Tarnished plant bug: Handpicking, good garden sanitation, neem

Tomato hornworm: Bt, handpicking, row covers

Whitefly: Insecticidal soap, attracting beneficials, horticultural oil

Cutworm: Rigid collars, Bt, diatomaceous earth

Rodents

Deer

 

More Resources on Common Pests:

Golden Harvest Organics Comprehensive Pest Guide

Earth Easy's Natural Pest Control

Mother Earth News's Organic Pest Control: What Works, What Doesn't?

Pest Management: ATTRA

Rodael: Natural Pest Control

 

HOMEGROWN.org Resources:

Garden Pest Problems

Black Beetles in the Garden

Potato and Raspberry Help

 

A How-To for Controlling Pest Populations and Problems

 

(Photo by Humble Seed)

 

COMPANION PLANTING

Many growers are familiar with the Native American method of planting the “Three Sisters” – squash, corn, and beans – together in organized rows in order to provide habitat for beneficial insects and to avoid pest problems.  Monocropping, planting one crop or separating your crops by type, has the opposite effect on your crops.  It creates a habitat for specific pests, which increases the dependence on pesticides and herbicides, rather than an interconnected, positive feedback loop system.  Mix up monocropping systems by interplanting herbs and flowers between your vegetables and fruits.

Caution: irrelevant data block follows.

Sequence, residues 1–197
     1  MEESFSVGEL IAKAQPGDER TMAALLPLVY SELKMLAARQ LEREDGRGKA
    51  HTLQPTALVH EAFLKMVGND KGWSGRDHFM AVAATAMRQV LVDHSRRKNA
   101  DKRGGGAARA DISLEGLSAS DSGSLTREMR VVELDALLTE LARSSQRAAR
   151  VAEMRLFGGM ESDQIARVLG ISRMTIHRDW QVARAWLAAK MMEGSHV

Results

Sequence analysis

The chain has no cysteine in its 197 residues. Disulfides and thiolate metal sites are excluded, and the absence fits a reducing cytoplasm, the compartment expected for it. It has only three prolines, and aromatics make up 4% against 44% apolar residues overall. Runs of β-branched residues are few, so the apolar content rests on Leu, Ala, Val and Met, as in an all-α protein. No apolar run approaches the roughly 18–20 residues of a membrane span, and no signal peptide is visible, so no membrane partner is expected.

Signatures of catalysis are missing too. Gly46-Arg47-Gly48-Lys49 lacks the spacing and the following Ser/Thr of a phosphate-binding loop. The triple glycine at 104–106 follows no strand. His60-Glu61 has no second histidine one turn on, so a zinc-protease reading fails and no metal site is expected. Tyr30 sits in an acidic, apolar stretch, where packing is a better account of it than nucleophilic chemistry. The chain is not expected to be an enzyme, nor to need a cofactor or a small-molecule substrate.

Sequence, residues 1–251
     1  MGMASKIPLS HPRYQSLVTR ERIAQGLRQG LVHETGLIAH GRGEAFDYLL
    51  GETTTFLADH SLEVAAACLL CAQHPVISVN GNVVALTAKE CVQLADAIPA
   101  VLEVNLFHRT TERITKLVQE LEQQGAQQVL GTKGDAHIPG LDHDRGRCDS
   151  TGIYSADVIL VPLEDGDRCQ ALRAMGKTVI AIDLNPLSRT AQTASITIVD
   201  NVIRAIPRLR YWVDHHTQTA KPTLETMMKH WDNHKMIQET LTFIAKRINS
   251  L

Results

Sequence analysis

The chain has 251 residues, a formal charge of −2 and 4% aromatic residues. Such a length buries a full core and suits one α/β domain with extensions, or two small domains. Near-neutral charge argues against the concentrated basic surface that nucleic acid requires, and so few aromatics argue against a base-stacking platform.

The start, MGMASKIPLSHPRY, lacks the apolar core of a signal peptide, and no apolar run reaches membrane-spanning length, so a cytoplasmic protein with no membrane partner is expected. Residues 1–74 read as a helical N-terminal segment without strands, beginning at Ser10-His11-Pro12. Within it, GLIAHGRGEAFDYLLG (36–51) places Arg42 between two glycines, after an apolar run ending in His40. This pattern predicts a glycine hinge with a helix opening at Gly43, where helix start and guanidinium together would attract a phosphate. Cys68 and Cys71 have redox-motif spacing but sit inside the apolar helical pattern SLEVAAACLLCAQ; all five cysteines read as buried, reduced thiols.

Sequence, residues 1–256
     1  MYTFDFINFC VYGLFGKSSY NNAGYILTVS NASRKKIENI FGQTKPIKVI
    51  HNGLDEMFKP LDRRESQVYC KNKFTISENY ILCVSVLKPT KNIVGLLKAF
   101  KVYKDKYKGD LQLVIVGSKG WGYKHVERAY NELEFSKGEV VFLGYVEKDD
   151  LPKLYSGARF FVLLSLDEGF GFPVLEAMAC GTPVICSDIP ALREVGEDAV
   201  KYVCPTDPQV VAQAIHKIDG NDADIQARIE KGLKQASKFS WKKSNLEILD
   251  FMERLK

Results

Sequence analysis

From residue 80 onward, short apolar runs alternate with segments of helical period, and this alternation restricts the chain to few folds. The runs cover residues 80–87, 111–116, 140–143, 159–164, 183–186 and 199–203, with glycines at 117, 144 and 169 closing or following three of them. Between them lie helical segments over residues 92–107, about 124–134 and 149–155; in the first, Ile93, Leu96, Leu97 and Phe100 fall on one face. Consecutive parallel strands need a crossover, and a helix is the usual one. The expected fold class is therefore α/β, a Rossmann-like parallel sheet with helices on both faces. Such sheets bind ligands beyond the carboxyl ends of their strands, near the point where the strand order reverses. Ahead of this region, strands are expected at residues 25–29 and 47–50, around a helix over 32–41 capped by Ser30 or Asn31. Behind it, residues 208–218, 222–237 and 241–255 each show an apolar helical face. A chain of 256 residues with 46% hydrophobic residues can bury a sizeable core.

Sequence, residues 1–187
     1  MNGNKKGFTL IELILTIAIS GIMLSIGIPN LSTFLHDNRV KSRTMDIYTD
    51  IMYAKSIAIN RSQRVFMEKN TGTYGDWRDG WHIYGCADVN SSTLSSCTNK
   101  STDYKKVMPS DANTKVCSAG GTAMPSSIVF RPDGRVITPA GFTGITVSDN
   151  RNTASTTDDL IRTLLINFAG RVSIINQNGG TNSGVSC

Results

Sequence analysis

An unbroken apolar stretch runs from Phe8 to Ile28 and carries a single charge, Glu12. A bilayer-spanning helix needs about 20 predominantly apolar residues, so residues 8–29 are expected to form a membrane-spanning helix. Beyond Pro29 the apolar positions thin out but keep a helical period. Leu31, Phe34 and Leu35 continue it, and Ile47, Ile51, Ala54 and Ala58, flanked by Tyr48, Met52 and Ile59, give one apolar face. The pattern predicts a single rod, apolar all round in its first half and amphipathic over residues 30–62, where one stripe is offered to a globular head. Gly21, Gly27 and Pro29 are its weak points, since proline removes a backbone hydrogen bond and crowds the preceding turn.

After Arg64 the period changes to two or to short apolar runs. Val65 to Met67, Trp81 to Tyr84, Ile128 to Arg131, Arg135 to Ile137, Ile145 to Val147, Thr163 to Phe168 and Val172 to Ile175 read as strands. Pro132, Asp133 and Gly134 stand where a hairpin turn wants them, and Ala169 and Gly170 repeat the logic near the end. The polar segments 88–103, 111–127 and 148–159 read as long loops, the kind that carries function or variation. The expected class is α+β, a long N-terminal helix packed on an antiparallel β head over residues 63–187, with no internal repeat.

Companion planting also incorporates plants with strong odors or tastes that are offensive to pests.  By planting them in your garden, it may force pests to find a new feeding ground.  While finding the right companion combination depends largely on what you’re growing and where you’re growing it, some common herbs, flowers, and vegetables include: sweet basil, mints, rue, clove, marigold, nasturtium, onion, radish, and garlic.

 

Check out this article from Seeds of Change and accompanying chart of companion plantings from J.I. Rodale’s Encyclopedia of Organic Gardening

 

HOMEGROWN.org Resources:

Companion Planting Using Herbs

Bonnaroo Gardening Workshop

 

 

 

ENCOURAGE BENEFICIALS